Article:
Increasingly, marketing professionals want to encourage you to try their products in ways other than traditional advertising. For example, a company might pay to ensure that the beloved characters on a given television show drink a certain soft drink or drive a certain kind of car. The industry name for this technique is “product placement” (or “product integration”), and it is intended to position a product in your mind without explicitly employing a sales pitch.
Companies engaged in product placement marketing are required to disclose the arrangement. That’s why you often see a “promotional consideration provided by” message in the credits of your favorite shows and movies. Those credits are basically a note to consumers: “Just to be clear, we paid for the opportunity to try to sell you our product by having it appear on screen.”
Cue Social Media
Meanwhile, the explosion of social media over the last decade has given marketers another set of powerful tools for communicating with consumers. For the most part, those tools are used ethically. Think, for example, of the posts you see on Facebook that include the word “sponsored” at the top. That’s the signal that someone is trying to sell you something. And that’s not a bad thing, in and of itself. After all, you may want or need the thing being sold. It’s just important that you know when you are seeing a sales message so you can make an informed decision. That’s called transparency, and it is a cornerstone of ethical marketing practice.
Unfortunately, however, some unethical people working in the addiction treatment and recovery center industry have found ways around this sort of transparency. Instead of making it crystal clear when they are pitching their services to you, they muddy things up—and they do that by hiring people in recovery or the family members of people in recovery to post messages that might seem innocent enough, but are, in fact, subtly promoting a specific provider.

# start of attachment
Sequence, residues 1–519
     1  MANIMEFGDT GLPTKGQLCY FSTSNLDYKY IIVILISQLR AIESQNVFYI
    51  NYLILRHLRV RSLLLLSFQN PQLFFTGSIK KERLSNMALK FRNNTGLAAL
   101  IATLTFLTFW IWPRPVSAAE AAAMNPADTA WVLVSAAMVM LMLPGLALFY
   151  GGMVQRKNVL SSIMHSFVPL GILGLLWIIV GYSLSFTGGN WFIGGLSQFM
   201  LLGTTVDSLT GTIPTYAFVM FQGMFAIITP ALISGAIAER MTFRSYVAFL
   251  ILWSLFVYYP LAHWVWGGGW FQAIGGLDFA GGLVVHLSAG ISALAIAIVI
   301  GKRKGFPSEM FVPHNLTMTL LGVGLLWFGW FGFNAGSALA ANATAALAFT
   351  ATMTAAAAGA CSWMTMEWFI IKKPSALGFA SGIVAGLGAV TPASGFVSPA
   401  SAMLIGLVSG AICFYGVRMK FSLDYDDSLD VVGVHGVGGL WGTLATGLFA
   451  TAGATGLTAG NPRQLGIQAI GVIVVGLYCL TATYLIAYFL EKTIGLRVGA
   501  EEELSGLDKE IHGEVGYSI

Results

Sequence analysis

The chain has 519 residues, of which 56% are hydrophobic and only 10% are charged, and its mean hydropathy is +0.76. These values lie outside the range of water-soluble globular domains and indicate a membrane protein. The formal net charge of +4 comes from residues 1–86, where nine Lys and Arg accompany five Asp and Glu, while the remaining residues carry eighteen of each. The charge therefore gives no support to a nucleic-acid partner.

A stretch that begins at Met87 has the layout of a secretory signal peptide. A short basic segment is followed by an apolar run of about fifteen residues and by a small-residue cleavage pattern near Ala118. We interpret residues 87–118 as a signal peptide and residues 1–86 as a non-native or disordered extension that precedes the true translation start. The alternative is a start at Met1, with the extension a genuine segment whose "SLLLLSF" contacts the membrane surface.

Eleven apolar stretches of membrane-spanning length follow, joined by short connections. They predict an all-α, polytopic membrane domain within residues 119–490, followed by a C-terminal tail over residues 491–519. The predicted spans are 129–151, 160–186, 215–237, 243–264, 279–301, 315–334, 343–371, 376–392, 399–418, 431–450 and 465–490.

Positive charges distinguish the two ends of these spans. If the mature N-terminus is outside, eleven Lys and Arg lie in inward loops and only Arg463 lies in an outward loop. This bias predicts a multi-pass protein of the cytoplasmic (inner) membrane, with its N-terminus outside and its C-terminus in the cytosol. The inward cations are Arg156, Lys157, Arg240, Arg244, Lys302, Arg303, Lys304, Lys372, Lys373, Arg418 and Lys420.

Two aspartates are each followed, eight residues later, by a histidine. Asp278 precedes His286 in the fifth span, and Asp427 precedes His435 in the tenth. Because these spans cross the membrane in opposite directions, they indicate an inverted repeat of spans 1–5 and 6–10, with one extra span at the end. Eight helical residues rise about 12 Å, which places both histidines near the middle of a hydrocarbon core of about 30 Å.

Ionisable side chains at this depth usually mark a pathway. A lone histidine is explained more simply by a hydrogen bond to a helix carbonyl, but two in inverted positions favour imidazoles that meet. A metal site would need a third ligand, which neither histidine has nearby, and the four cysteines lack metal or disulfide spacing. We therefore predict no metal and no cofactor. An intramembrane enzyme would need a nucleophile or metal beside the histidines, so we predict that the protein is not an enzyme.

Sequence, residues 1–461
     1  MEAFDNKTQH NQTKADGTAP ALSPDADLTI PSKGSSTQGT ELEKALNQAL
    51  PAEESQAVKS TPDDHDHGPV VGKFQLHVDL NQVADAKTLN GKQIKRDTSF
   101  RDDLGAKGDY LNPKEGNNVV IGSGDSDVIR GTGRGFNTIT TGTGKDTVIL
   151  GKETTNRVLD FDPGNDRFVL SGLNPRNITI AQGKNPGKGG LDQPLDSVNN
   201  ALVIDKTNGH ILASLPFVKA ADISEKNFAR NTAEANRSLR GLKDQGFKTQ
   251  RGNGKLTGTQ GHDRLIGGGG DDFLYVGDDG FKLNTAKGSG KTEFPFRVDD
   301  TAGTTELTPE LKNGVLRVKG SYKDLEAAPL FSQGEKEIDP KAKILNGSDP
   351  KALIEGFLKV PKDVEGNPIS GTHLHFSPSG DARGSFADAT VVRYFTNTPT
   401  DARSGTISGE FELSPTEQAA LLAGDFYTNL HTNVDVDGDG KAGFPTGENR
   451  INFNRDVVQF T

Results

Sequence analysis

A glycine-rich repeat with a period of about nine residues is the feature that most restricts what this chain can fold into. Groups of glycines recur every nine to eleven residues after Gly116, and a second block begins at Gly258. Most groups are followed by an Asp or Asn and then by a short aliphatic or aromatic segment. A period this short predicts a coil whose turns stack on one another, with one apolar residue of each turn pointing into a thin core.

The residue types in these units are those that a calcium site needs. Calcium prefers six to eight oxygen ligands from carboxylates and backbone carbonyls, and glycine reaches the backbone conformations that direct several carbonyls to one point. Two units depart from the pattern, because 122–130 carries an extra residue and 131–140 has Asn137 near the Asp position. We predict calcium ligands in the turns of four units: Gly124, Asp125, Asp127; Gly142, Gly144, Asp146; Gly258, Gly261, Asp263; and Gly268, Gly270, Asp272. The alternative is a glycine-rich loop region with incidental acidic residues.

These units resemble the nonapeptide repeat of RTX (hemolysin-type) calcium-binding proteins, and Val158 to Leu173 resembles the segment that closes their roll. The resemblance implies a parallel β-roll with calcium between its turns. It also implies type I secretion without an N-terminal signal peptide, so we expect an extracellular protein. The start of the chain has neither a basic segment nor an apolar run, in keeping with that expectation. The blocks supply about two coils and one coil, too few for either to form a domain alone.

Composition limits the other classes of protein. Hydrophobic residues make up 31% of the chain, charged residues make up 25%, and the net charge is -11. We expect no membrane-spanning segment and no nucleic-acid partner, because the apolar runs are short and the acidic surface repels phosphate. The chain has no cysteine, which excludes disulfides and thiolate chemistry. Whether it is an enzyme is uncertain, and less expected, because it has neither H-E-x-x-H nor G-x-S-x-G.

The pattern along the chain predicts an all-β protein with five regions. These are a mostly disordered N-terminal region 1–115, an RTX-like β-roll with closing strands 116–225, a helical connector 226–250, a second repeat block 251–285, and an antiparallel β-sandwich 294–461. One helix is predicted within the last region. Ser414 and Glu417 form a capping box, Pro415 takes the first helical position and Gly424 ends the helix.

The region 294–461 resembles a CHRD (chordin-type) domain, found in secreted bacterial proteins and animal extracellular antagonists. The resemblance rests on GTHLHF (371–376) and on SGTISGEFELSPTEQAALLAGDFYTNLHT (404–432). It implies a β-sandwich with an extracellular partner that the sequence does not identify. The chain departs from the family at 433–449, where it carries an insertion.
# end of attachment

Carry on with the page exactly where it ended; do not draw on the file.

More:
Online Influencers and Superstars
Social media “influencers” is the term used for folks with lots of followers who seem to have expertise in a certain area or areas; they are extremely useful to marketers, but their relationship to a company should be fully disclosed, particularly when someone’s health and safety are in question. If there isn’t full disclosure of a marketing arrangement, those taking the recommendations may not have a complete picture of what is best for them or their loved one who needs treatment for a substance abuse disorder.
These influencers may be individuals who have gone through recovery themselves. Personal stories can be very inspiring—and that’s just what the marketing team is counting on. Once you are emotionally invested in a person’s recovery story, it may seem only natural to follow that person’s advice for your own recovery journey. And while many of these people are undoubtedly well meaning, the undisclosed financial relationship with a treatment center means that their “advice” is biased at the very least and may well be crafted entirely by a sales team.